Today’s ideological landscape leaves increasingly little ground for the moderate to stand on. Evacuating the thin ice of the political centre, two options are available: head left; head right. Whilst they may receive a warm welcome from the side of the political spectrum to which they flee who gain more votes by the second, leaving Tim Farron rather lonely and bewildered, they are unlikely to enjoy such treatment from their opposing wing. The moderate conservative may simply believe in the benefits of free market capitalism for society in general, or conversely, a moderate socialist may just advocate more extensive welfare, but in assimilating themselves towards political poles they associate themselves with the extremists, exposing themselves to bitter criticism. Here can be seen the disastrous effects of relativism. You may just advocate free trade, you may not really be a xenophobic, Victorian-style capitalist sitting in an ivory tower laughing at the plight of the working man who knocks of early and go home to your homemade shrine to Nigel Farage, but to someone on the left, exposed to more radical commonplace views, it sure looks as though you could.
This dynamic frequently characterised political and religious opposition in the early Stuart period. We recently had a loud and colourful reminder of a classic attempt on authority, an attempt to violently obliterate the House of Lords and along with it the Protestant King James. One might assume a simple nature of the political landscape in relation to religion; Protestants against Catholics, who after the Gunpowder Plot were clearly a threat that should arouse severe anxiety. This would be a gross over-simplification. Whilst Catholics plotted to destroy parliament and plunge England into an ungoverned state of anarchy, Protestants, in their divided factions, bitterly debated at Hampton Court the Millenary Petition, the Protestants’ proposed reform programme for the church of England. A conclusion was arrived at which aggravated no one, and likewise satisfied no one.
The bitterness with which Puritans argued with the Arminians, too Popish in their eyes, whilst Catholics threatened severe destruction shouldn’t surprise us. Such behaviour is typical of a polarised world following internal events which reveal shocking divides in opinion, religious terrorism in this case. Today’s epidemical historical amnesia has disassociated this pivotal chapter in British history from all relevance. After all, who cares how a disagreement was dealt with 400 years ago, a disagreement about how centralised authority is to provide for its people in a period of economic turmoil following the leaving of the Catholic Church, a force that had bound Europe in union as Christendom as long as any could remember? Issue of the day: what king of exit from Christendom? (And, soon after, anger at lack of sovereignty from Scotland, but again, who cares?)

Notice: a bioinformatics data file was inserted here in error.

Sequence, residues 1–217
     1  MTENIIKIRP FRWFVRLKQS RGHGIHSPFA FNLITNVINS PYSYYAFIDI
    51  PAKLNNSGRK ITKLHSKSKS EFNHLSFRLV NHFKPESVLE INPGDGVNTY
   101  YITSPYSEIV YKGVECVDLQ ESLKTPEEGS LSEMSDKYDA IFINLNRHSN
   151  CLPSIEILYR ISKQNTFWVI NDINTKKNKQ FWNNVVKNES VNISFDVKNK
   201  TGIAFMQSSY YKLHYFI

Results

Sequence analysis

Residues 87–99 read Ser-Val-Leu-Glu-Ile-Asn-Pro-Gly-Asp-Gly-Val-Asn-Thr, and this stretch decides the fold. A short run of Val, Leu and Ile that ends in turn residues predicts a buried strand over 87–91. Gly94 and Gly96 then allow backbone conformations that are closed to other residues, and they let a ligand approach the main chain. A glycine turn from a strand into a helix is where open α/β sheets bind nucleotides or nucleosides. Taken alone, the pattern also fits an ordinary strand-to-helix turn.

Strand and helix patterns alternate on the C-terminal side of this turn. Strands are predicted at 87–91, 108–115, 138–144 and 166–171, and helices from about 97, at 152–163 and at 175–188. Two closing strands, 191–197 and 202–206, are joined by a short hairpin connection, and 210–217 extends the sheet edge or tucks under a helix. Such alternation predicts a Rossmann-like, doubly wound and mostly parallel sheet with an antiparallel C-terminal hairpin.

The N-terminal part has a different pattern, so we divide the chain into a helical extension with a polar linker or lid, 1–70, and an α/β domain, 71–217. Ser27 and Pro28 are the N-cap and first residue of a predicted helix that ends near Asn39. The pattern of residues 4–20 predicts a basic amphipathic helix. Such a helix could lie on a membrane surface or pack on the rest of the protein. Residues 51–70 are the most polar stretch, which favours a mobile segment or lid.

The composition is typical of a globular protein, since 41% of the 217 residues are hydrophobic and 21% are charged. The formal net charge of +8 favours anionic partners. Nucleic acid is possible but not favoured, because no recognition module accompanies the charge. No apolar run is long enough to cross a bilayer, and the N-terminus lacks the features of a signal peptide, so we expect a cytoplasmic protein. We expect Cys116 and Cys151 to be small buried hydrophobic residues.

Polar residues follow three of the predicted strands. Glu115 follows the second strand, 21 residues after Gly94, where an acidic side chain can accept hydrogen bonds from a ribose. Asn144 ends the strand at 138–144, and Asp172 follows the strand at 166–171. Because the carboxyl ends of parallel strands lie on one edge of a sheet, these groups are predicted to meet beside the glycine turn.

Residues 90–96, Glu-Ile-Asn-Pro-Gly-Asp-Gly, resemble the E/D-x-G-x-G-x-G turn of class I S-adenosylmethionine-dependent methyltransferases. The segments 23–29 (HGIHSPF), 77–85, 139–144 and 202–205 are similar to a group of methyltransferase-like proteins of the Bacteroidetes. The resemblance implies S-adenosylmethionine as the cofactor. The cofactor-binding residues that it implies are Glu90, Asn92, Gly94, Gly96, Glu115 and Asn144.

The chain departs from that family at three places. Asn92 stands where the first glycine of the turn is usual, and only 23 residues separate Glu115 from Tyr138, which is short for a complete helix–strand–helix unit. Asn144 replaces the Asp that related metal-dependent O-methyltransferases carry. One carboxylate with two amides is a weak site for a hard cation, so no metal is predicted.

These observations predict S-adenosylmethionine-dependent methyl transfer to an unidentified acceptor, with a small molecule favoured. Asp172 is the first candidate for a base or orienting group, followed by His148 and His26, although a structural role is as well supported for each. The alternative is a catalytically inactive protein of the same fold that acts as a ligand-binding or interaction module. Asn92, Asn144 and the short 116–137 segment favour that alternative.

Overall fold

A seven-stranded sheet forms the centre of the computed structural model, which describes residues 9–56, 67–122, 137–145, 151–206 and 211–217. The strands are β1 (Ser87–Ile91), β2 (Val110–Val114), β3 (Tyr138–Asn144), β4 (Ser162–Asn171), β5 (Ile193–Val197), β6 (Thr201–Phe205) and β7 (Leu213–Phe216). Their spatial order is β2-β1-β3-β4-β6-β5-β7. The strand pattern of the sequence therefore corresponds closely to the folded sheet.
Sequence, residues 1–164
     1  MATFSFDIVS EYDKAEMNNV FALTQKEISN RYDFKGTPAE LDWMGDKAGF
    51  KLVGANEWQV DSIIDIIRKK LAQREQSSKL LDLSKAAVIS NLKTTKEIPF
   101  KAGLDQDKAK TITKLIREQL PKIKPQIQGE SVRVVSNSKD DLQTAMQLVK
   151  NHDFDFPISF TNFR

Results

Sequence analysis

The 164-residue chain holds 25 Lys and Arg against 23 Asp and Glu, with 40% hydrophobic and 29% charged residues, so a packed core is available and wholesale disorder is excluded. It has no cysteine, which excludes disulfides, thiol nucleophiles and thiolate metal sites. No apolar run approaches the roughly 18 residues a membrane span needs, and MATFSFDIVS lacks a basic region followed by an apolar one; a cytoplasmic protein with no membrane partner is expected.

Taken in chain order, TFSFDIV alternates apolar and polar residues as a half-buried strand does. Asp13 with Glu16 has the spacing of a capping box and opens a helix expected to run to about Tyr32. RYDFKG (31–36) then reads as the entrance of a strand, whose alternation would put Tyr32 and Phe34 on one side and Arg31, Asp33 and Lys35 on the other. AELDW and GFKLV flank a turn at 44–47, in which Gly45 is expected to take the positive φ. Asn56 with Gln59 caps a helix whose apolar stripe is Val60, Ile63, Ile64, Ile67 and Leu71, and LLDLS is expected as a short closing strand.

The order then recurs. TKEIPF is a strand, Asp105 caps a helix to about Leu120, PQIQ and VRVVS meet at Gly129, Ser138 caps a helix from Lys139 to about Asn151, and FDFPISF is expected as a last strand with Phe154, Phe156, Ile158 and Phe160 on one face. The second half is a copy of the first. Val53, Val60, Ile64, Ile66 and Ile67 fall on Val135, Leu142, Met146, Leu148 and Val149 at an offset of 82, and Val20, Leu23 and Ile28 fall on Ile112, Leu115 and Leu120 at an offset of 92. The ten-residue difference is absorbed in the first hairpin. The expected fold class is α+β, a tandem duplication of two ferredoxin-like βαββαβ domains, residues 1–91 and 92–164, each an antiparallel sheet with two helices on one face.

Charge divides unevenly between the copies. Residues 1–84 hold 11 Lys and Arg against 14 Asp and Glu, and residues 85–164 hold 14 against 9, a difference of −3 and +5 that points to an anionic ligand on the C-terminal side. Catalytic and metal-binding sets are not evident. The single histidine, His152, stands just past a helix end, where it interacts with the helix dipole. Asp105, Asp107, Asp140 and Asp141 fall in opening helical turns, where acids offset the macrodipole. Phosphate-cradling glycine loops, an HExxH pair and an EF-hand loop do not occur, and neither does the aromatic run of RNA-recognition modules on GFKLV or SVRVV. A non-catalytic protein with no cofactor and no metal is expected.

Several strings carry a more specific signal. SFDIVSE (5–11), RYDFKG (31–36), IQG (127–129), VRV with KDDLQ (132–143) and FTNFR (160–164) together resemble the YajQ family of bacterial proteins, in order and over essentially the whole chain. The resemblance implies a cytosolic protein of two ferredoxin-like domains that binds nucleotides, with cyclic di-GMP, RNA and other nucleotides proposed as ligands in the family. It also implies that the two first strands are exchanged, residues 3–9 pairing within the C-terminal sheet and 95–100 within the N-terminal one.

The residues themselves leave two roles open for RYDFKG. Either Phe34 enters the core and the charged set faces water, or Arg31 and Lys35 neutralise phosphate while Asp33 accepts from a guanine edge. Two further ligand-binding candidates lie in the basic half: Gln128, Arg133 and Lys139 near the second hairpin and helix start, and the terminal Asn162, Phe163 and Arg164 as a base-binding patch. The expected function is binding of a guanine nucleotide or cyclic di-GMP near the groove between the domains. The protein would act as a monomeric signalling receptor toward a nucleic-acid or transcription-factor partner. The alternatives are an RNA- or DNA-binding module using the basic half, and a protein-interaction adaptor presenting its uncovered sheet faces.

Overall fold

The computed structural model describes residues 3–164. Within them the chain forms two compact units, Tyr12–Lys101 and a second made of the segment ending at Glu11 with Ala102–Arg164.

Today’s government could do worse than to study the trauma left in the wake of the Reformation, in particular the issue as faced by the Stuart monarchy. Such study should not be limited to May’s government, or her immediate successor’s; the political divides following Brexit and the 2008 economic crisis could well extend beyond a generation if dealt with insensitively. From this might be many examples of how not to govern, as well as examples of how similar issues were dealt with considerably well. The Stuarts were far from perfect leaders, but popular opinion of both their and our times has somewhat exacerbated their failings. This is precisely why expert opinion and literature on their reigns should be consulted.
The political polarisation of 2017 is not simplistic; it has roots in opinion and direct consequence of the premierships of Thatcher, Blair, Brown along with any number of cultural social-media, fast-food, fast-living factors, as well as economic grievances extending far beyond June 2016. May is prime minister in a time challenging to statesman. Charles was king in a time challenging to kingship, faced not only with financial weakness and religious divides that would try any ruler, but parliament grew increasingly confident in their challenges to the crown. The idea of what a good king looked like was evolving, modern ideas of accountability and responsibility emerged prominently in political philosophy, as Hobbes would exemplify. James felt so challenged as to make the divine right of kings explicit, something unprecedented. Elizabeth had ruled with parliament for all but 15 months of her fifty-five-year reign without arousing excessive disillusionment, yet Charles’s rule without parliament is claimed the Eleven Years’ Tyranny, despite involving strict adherence to the law, no small feat considering parliament insisting on wars they refused to grant permission to fund.
I now return to the theme I began with: relativism. If Charles had ruled a century earlier, perhaps he would be remembered more fondly, but relative to opinion of the 17th century, he was an irresponsible king. Issues not foreign in nature to those of today plagued Stuart England in many ways. We cannot judge Charles too harshly, who could he have looked to for examples of effective kingship in times of such ideological change? We can forgive the Stuarts for not remembering Europe before Christendom. For failing to see backwards beyond the 1957 Treaty of Rome, there is no excuse. Reading around the subject before attempting an essay on statesmanship would be vital to any student, but the idea of reading around the subject before attempting statesmanship itself seems to be preaching to a deaf choir. I can only hope the leaders of the near future will apply the same level of diligence to their work the average undergraduate would to an essay. Perhaps this is asking too much.